North Korean prisoners at a forced labour camp have been spotted toiling away by satellites high above the Earth.
Some of the first images ever captured show inmates at T’osŏng-ni, a labour camp only a few miles from the Chinese border, being worked hard.
They reveal the starving figures of prisoners standing in formation alongside stacks of grain they have been working on.
Escaped prisoner Kim Doohyun said the prisoners photographed faced punishing forced labour.
He said: “Sometimes prisoners are mobilised to help nearby farms. They have to line up and walk like the images show when they go to work or back from work.
“Also, their uniforms are grey and they wear the same colour hats – and you can see that the top of their heads looks a little bit white in the image.
“The image of the prisoners shows clearly that T'osŏng-ni is still operating.”
He also said those who aren't sent food parcels by their families face a battle against starvation.
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Kim added: “Families can support prisoners with food, but of course not all the food you send will go to your family in prison, some is taken by officers.
“If prisoners don’t have family or are not supported by families, life in prison is much more difficult to survive.”
It's thought 2,500 prisoners are locked up at T'osŏng-ni for political "re-education" and other spurious offences.
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According to the charity Anti-Slavery International, prisoners start work as early as 4am and continue as late as midnight, with 12-hour shifts and typically no rest days.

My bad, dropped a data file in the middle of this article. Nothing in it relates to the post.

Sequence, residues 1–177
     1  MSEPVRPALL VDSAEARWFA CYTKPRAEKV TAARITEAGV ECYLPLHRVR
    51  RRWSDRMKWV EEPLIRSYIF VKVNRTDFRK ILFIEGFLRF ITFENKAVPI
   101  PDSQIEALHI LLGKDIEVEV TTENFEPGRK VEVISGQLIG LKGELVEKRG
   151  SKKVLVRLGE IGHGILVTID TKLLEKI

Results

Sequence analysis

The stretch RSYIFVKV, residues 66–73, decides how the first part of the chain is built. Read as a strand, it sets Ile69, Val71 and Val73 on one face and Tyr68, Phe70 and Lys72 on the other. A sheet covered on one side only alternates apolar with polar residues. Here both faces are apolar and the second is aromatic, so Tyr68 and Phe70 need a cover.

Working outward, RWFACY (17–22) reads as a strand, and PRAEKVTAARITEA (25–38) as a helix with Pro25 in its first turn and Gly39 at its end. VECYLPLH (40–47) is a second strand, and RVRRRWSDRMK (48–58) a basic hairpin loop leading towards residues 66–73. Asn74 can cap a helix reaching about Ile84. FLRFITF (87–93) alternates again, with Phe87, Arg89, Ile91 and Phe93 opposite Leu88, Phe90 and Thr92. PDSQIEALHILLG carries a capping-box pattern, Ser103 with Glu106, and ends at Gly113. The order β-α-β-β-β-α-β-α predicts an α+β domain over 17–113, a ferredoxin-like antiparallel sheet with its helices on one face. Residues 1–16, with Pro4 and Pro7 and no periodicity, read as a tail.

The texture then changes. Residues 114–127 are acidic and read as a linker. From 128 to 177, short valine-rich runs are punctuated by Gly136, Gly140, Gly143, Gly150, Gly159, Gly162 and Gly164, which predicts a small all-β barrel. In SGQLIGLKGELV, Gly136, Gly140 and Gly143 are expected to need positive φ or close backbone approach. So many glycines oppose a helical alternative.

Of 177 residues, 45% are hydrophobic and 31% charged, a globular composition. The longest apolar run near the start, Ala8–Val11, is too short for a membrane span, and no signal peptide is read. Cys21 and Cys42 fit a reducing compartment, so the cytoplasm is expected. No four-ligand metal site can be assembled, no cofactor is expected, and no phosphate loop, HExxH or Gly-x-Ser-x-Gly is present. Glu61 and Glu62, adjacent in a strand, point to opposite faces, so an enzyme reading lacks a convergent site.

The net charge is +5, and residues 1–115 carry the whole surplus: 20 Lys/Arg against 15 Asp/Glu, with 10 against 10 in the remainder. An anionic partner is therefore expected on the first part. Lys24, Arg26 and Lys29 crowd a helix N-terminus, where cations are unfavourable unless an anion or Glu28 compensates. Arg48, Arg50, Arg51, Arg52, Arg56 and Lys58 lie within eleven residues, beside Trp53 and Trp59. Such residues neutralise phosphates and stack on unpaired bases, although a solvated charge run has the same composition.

The Committee for Human Rights in North Korea (HRNK), which released the pictures, explained more in a new report.
Executive director Greg Scarlatoiu said: “Prisoners at this and other North Korean detention facilities are subjected to a relentless vicious cycle of forced labour and induced malnutrition.
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“Conditions are terrible and we have documented the use of forced labour at the camp.”
Prisoners make hats, gloves, helmets and other accessories for North Korea's draconian security service.
Kim's dad was sentenced to eight years in prison and hoped for a transfer to T'osŏng-ni. Yet he was rejected because he was too old to be a valuable worker.
Kim explained: “They didn't accept my father because they believed he would die very soon.
"It was true that my father was almost dying because of the torture he got in the detention centre.
“He was down to 66lbs (30kg) and [they] didn’t want to dispose of the body.”
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His father died two years into his sentence.
Kim also warned that the prisoners in the photo were only the tip of the iceberg.
He said: "My story is not unique and it didn't happen 100 or 200 years ago.
"At this very moment there are thousands of people in North Korea like my father and our family suffering from this kind of oppression and human rights violations."
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